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Lord Bridges: Unlike other noble Lords, I do not feel that it is necessary to make a Second Reading speech, because I addressed this subject in my own contribution to that debate. However, we did not then have the benefit of the Government's proposals before us. I made it clear in my speech that, for me, this was the most important part of the Bill and that perhaps the most important part of that would be the way in which the local authority would be related to the new conservation boards and the management of AONBs.

I shall turn now to a particular point which arises on one amendment in this grouping; namely, Amendment No. 524. Subsection (4) states that,

Like the Opposition Front Bench, I do not like the word "expedient". It recalls that part of the Book of Common Prayer where those who are assembled are invited to pray for those causes which are thought important. The priest presiding over the service sums up by asking the deity,

    "when two or three are gathered together in thy Name",

to grant their prayers,

    "as may be most expedient for them".

In other words, this will be a very permissive affair. That is not the right way to approach it. The local Authority needs to play an important part in the management of the AONB.

Indeed, the absent part of this Bill at the moment would be met by the amendment introduced by the noble Lord, Lord Renton of Mount Harry, at an earlier stage. I believe that it was Amendment No. 453, which would place a duty on all public bodies to have regard to the objectives of the AONB. That is an absolutely cardinal point and I believe that we shall be returning to it later.

I speak from some experience, having lived in an AONB where the local authority chose to set its own judgment above that of the Government's own policies for the AONB. I wish to see that situation stopped. It is wrong. A general national approach should be adopted, with local arrangements to put it into effect. I shall make a few further comments on other clauses when we reach them.

9.45 p.m.

Lord Peyton of Yeovil: I wish to make only a short speech. I should like to say, first, that my noble friends Lord Dixon-Smith and Lord Peel have both said absolutely what was in my mind. I do not always find myself in the position of being able cordially to congratulate my own Front Bench, but on this occasion I do so without reservation. I thought that my noble friend made a wise and balanced comment on a Bill about which, I have to say, I am considerably worried.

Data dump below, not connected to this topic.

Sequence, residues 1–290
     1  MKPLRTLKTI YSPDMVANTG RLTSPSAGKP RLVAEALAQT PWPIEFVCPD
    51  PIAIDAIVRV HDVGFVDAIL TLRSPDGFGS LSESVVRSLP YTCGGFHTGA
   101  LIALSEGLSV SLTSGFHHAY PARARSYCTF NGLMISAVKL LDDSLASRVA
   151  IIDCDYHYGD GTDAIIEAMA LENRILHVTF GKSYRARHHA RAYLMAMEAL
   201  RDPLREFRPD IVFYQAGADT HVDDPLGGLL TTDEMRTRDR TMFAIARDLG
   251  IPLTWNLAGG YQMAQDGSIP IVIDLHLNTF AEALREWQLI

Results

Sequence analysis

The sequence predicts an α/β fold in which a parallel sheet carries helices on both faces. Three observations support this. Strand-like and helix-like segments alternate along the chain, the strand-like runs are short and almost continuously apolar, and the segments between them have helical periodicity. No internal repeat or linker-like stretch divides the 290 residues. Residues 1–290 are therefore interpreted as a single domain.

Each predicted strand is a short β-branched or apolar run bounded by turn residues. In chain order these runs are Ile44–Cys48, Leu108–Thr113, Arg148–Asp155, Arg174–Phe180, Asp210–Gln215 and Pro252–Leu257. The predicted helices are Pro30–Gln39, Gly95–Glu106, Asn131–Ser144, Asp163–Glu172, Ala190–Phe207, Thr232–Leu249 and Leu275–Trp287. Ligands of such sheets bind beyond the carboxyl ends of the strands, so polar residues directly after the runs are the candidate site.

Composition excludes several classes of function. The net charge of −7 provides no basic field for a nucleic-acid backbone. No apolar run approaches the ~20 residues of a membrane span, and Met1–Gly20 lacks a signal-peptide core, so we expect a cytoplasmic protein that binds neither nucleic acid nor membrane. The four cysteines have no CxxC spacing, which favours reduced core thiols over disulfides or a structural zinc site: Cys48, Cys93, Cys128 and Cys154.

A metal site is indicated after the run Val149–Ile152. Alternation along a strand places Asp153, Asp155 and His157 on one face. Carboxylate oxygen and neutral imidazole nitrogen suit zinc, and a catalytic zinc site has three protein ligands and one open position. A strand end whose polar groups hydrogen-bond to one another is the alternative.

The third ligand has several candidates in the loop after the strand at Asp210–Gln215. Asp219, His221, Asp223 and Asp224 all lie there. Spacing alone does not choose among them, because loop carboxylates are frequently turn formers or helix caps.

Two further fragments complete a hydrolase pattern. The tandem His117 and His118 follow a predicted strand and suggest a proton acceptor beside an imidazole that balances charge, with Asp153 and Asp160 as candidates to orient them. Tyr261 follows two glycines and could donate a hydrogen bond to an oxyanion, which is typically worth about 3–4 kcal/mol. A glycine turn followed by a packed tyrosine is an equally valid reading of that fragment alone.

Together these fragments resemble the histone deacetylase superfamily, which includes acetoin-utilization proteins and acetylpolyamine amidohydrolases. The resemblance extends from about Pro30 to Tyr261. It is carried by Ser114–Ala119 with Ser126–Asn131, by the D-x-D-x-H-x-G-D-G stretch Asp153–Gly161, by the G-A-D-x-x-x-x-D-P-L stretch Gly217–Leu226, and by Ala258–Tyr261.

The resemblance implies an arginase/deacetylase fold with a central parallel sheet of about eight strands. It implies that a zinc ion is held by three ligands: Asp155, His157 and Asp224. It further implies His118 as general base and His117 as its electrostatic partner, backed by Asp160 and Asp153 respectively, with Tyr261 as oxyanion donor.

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I do not believe that the Minister has any right to protest about the Committee overlapping or infringing the limits imposed by the grouping. I think that the grouping in this instance is a mistake. The debate is about not only the Bill as a whole but the powers of central government. I remember that long ago when I was a member of a government--it seems ages and ages ago--I began to doubt whether we were really possessed of that monopoly of wisdom which governments seem to think they have. As time has gone on, I have seen government after government coming more and more to disregard local opinion, making life more and more difficult for local government and taking more and more power for themselves. Here is another Bill in which exactly that is being done. As my noble friend Lord Dixon-Smith rightly pointed out, here we have 18 pages of legislation which, so far as I know, has been totally undiscussed in another place.

I think it is generally felt by some in another place that they enjoy absolute liberty to say what they like about your Lordships' House. There are many aspects of our affairs in which those in another place would be very unwise to press those comparisons too far; they might come off much worse than they expect.

I am not quite sure--I should like to hear the Minister's view--to what extent it is intended that areas of outstanding natural beauty can be almost automatically made into national parks or given the powers of national parks. The Minister shakes his head. I should be grateful if, when he comes to respond, he can make clear what is the position and what are the Government's intentions.

I pause to ask the Minister to what extent planning authorities will have the power to designate areas which they consider to be of outstanding natural beauty? Perhaps he will try to anticipate what the inhabitants of those areas are likely to feel. I do not know whether it has even occurred to the Government to think about the reactions of the inhabitants of such areas to any proposals which may emerge. The consultation on this part of the Bill has been somewhere between minimal and nil. Certainly I have not heard anything about it in my part of the world.